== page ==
Safety and efficacy data from Phase III trial of BNT162b2 vaccine published

Pfizer and BioNTech’s data on BNT162b2, their COVID-19 vaccine, has been published in a new scientific paper, demonstrating its 95 percent efficacy rate.

COVID-19 vaccine

Pfizer and BioNTech have announced that the safety and final efficacy results from the Phase III trial of BNT162b2, their mRNA-based COVID-19 vaccine candidate, have been published. According to the companies, 43,448 participants were enrolled in the trial – 21,720 of whom received BNT162b2 and 21,728 placebo. The two-dose regimen of 30mg BNT162b2, which was given 21 days apart, was shown to be well-tolerated and demonstrated vaccine efficacy of 95 percent against COVID-19.

The Phase III trial was designed as a 1:1 vaccine candidate to placebo, randomised, observer-blinded study to obtain safety, immune response and efficacy data needed for regulatory review. 

These pivotal data demonstrate that our COVID-19 vaccine candidate is highly effective in preventing COVID-19 disease and is generally well-tolerated. They are a testament to the extraordinary efforts to deliver an effective vaccine with a favourable safety profile rapidly and serve as the basis for our regulatory submissions around the world,” said Dr Kathrin Jansen, Senior Vice President and Head of Vaccine Research & Development at Pfizer

“We are very encouraged by the data, which indicate that our vaccine candidate is well-tolerated and highly potent irrespective of age, gender, ethnicity and pre-existing comorbidities. These are all critical factors for a vaccine to be effective in helping to address the pandemic,” said Dr Özlem Türeci, Chief Medical Officer and Co-founder of BioNTech. “Sharing further data from the Phase III trial in a renowned peer-reviewed journal underlines our commitment to transparency and scientific rigor. We consider both important at this important junction with additional potential authorisations of our vaccine in sight.”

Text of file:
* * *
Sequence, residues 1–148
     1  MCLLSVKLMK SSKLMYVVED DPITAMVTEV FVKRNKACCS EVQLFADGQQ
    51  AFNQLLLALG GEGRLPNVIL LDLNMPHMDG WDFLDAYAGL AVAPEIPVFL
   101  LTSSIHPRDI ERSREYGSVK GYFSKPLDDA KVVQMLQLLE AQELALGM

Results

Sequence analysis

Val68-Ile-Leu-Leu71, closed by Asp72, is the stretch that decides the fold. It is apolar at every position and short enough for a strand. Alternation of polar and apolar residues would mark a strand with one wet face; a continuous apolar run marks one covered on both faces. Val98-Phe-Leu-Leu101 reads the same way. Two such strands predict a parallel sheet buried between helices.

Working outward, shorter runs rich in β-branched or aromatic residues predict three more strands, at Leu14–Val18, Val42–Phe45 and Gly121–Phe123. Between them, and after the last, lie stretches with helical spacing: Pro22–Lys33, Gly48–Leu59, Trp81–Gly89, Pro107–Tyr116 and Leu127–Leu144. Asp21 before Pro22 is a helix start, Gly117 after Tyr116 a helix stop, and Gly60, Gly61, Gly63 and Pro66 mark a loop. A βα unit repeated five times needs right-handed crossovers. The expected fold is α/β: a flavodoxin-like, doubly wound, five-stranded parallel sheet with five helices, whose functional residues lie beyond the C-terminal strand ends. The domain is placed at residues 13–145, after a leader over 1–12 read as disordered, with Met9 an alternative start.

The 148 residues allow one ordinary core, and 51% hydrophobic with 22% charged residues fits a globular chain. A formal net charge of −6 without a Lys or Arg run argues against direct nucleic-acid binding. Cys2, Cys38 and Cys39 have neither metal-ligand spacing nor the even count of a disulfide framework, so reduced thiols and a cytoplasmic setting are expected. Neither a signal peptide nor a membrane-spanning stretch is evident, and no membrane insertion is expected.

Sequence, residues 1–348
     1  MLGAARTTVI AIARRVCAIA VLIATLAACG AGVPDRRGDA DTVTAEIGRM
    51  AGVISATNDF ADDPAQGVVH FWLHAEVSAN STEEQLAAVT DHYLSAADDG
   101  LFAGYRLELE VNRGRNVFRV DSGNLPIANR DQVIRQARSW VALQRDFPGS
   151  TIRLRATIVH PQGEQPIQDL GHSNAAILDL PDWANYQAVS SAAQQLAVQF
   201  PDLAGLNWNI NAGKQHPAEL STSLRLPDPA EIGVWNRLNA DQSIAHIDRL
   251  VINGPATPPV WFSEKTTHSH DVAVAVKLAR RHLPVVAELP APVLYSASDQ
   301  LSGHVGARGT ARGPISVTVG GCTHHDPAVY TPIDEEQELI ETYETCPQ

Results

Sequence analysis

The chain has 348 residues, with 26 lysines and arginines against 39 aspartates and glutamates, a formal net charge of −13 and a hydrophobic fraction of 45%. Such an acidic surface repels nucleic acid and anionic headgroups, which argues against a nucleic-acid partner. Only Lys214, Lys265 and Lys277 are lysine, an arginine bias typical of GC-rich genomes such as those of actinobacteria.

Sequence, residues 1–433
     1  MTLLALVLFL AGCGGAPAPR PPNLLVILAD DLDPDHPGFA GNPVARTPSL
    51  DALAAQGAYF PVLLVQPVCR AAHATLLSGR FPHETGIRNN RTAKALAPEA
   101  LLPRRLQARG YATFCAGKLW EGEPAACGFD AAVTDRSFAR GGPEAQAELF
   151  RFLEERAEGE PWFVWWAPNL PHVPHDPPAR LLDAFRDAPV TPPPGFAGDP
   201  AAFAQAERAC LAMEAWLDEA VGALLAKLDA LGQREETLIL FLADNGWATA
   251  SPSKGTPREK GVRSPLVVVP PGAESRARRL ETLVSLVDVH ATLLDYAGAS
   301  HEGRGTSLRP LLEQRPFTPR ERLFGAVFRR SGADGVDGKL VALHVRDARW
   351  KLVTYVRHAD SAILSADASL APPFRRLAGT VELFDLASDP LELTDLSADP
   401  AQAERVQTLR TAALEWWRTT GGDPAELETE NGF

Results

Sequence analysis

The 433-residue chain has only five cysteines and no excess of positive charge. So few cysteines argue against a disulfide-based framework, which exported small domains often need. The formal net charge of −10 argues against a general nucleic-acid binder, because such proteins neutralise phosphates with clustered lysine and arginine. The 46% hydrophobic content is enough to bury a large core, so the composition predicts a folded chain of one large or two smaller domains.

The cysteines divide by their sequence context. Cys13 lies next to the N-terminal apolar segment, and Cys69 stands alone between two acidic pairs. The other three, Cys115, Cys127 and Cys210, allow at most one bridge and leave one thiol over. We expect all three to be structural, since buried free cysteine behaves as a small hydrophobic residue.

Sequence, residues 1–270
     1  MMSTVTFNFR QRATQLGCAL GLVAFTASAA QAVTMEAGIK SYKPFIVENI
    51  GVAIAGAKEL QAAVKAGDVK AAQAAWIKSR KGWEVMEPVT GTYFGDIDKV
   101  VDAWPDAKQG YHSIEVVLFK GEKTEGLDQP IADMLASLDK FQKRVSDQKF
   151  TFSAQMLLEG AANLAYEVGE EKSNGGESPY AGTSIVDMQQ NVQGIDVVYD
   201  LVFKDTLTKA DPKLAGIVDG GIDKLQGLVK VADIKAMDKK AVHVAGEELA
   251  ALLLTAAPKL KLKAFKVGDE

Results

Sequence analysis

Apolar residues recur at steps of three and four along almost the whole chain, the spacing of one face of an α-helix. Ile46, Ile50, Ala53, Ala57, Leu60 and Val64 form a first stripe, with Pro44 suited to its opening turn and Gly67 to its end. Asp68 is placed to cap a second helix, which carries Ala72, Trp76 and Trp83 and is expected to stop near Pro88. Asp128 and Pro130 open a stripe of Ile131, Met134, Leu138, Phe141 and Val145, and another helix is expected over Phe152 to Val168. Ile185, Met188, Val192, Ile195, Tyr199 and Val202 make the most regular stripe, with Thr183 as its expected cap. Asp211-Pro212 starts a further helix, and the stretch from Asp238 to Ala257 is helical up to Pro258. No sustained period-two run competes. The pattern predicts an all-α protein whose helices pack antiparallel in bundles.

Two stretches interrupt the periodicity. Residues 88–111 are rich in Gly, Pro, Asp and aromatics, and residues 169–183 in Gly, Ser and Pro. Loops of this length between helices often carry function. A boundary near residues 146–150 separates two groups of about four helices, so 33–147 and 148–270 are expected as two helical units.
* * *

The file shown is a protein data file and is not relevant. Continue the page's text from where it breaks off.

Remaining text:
Among the 36,523 participants who had no evidence of existing or prior SARS-CoV-2 infection by the time of the immunisations, there were 170 cases of COVID-19 observed with onset at least seven days after the second dose; eight cases occurred in vaccine recipients and 162 in placebo recipients. Among participants with and without evidence of prior SARS CoV-2 infection, there were nine cases of COVID-19 among vaccine recipients and 169 among placebo recipients. 

The most common adverse events of BNT162b2 were transient, mild to moderate pain at the injection site, fatigue and headache and these generally resolved within two days. These reactions were less common and milder in older adults than younger adults. There were no COVID-19 related deaths.

The companies say that all trial participants will continue to be monitored to assess long-term protection and safety for an additional two years after their second dose.

The results of the study are published in New England Journal of Medicine